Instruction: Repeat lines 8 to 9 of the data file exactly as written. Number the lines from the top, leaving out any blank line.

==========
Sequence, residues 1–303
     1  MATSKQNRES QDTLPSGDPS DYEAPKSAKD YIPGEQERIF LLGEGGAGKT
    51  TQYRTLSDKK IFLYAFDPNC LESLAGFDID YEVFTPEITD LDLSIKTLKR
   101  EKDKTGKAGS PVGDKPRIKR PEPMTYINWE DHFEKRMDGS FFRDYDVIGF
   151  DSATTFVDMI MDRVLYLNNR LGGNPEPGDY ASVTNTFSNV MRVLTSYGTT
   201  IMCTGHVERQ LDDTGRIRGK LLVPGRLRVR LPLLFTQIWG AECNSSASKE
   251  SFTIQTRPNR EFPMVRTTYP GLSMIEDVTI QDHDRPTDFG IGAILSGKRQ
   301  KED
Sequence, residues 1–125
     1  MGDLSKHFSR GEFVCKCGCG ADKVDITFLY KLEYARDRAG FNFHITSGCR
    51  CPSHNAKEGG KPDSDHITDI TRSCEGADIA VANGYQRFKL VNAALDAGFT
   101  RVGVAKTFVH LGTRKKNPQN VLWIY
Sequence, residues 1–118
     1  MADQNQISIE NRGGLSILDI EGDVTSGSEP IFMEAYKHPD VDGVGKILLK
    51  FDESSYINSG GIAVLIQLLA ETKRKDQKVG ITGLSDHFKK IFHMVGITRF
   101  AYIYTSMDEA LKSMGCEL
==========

   301  KED
Sequence, residues 1–125